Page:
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RPM Vs CPM – Let’s Clear Your Questions

We know it's easy to get confused between RPM and CPM. Let's get the answers.

In the digital ad industry, there are various revenue-calculating models in use. Nevertheless, the most used are RPM and CPM models. While the RPM refers to the estimated ad revenue generated by a publisher for 1000 page views, CPM determines the revenue earned for 1000 ad impressions. To clarify, RPM is calculated on per page basis and CPM is calculated based on per ad unit. Let’s dive deep to understand the difference between RPM and CPM.

Table of Contents

What is RPM?

RPM is an acronym for “revenue per thousand impressions” or “revenue per mille”. Here ‘mille’ stands for 1000 impressions. Usually, the amount earned through all the ad impressions depends on the campaigns but the RPM metric calculates the revenue earned for 1000 page views. The thing to note here is that a page view may have many ad impressions.

RPM is absolute and factually an important metric used by Google AdSense to report ad revenue remunerations to a publisher. In fact, RPM is a valuable and specific metric used by publishers, to track performance in terms of revenue generation by displaying ads on the website.

RPM = (total earnings estimates/total number of page views)*1000

What is CPM?

CPM, an acronym for “cost per mille” or “cost per thousand impressions”. CPM calculates the advertising cost per thousand ad views. It does not matter whether an ad is clicked or not, an advertiser needs to pay for every ad shown on one ad zone on the website, which is called an impression. To understand this better, assume that you ran a campaign and paid a certain amount for every 1000 ad impressions. This amount is CPM for your advertising campaign. The advertisers use CPM mostly because it helps to calculate the amount spend for every ad impression directly.

However, for a publisher like you, things would be a bit complicated. For instance, if you use Google AdSense, you’ll be presented with RPM earnings (it’s an estimated earning per 1000 page views). It’s better to keep track of it and increase it. If you use any other CPM ad networks, you naturally will be paid based on impressions and hence, you are supposed to keep track of CPM.


Revenue per thousand impressions Cost per thousand impressions
Comes in various types:

1. Impression RPM

2. Ad RPM

3. Page RPM

4. Ad Request RPM

This is of two types:

1. CPM

2. eCPM


(eCPM metric is used to evaluate AdSense publisher’s revenue


It calculates the revenue for publishers It calculates the cost to an advertiser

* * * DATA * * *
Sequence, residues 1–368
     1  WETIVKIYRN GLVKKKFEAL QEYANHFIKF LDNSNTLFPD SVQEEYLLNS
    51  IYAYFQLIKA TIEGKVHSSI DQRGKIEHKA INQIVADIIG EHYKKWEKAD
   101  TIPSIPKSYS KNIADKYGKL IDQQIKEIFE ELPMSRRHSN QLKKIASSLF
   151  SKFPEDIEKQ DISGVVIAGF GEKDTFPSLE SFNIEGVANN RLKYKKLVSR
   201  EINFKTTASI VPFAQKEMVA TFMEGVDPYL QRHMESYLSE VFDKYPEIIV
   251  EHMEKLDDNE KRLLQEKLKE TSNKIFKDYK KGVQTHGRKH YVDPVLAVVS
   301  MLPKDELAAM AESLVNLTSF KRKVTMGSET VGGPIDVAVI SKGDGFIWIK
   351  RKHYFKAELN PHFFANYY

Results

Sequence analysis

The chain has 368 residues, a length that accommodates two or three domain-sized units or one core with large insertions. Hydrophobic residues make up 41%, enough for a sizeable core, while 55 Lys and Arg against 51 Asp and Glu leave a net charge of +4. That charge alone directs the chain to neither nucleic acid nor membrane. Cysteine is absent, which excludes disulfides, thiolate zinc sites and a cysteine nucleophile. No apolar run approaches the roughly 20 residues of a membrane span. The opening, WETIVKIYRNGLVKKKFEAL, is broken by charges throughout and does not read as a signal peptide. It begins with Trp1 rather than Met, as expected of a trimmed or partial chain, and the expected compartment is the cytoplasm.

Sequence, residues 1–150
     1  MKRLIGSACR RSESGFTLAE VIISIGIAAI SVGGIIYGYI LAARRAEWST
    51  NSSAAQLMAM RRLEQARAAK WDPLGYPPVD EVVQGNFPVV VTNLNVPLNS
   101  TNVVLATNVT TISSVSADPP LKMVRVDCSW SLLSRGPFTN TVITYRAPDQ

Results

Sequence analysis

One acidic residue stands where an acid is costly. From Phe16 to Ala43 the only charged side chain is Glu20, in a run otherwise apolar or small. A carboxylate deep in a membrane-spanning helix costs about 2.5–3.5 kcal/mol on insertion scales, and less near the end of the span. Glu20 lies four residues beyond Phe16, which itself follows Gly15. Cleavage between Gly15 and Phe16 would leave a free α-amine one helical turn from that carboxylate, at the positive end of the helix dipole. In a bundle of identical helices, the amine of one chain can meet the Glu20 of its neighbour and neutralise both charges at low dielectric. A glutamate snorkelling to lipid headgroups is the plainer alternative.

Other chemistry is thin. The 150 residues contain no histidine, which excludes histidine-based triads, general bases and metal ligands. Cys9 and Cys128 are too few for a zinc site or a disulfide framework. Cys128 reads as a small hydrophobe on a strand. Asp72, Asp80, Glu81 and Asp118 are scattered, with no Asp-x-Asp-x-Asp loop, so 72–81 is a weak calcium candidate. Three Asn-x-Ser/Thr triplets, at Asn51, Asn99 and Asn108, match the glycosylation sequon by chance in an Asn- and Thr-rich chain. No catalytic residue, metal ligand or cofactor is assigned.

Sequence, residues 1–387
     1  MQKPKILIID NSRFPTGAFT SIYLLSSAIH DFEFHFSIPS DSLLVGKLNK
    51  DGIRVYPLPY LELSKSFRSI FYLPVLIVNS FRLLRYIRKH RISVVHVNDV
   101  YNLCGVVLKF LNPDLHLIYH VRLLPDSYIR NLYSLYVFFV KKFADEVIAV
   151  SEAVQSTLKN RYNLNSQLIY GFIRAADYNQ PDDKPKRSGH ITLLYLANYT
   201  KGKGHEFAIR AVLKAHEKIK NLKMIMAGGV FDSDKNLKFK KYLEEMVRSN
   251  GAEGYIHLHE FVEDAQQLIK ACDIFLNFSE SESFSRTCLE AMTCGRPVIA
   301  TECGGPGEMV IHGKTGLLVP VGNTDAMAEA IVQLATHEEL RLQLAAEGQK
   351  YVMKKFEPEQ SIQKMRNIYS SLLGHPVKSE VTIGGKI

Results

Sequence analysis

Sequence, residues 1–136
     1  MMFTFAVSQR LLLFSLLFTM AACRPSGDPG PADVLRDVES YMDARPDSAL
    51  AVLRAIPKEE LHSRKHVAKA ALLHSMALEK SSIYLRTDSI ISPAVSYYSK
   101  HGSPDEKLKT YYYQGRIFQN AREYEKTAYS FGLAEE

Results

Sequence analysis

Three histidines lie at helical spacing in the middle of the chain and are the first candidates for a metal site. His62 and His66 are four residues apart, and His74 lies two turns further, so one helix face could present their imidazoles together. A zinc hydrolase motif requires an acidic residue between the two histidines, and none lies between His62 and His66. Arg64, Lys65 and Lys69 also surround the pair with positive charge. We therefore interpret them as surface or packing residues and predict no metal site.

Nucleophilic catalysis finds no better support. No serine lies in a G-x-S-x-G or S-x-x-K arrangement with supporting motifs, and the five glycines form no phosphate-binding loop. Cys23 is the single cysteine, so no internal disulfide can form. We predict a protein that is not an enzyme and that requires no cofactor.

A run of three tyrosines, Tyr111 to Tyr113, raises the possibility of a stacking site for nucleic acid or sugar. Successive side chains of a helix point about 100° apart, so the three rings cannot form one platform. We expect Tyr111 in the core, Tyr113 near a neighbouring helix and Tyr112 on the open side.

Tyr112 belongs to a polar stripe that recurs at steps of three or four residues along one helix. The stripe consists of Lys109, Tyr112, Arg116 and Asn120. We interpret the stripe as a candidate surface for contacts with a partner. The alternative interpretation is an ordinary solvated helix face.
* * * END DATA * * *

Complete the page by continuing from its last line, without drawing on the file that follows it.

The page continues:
RPM is widely popularized by Google AdSense (an ad network) CPM is widely popularized by real-time bidding (an open protocol to conduct auctions).

Deriving CPM from RPM

Though both of them are different, you can derive CPM from RPM and vice versa. Let’s assume that there are 5 ad units on a page and $0.25 is the estimated earnings from 20 page views. So, the RPM will be 0.25/20*1000= $12.5.

This means for every 1000 page views, the 5 ad units will return a revenue of $12.5.

Now let’s convert this RPM of $12.5 into CPM. Before we get into this, it is important to find the cost to advertisers ie CTA. CTA can be found by the formula:

CTA= Earnings estimated/Ad Units

Here CTA will be: $0.25/5= $0.05

Thus, CPM = (CTA/page views)* 1000 = ($0.05/20)*1000=$ 2.5.


To be frank, publishers interchangeably use these two metrics. But it is necessary to keep track of them separately and adjust your strategy accordingly. Because RPM is just an estimate provided by Google, CPM is the actual cost paid to a publisher like you. Besides, if you want to step up your monetization strategy, you’ll be using CPM, not RPM. And, no matter whether it is an RPM metric or a CPM metric, it is essential for a publisher to ensure higher ad viewability and better demand partners to increase ad revenue consistently.

Automatad Team

At Automatad, we help publishers to monetize better without hampering the user experience. Our products are live across hundreds of publishers, earning them incremental ad revenue with every passing second. You can request a free audit to get an estimated revenue uplift today.

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1 Comment
  • May 13, 2020 at 9:10 pm
    ibrahim zouadi

    I’ve never been a big fan of blogs but now..you got a new follower (:

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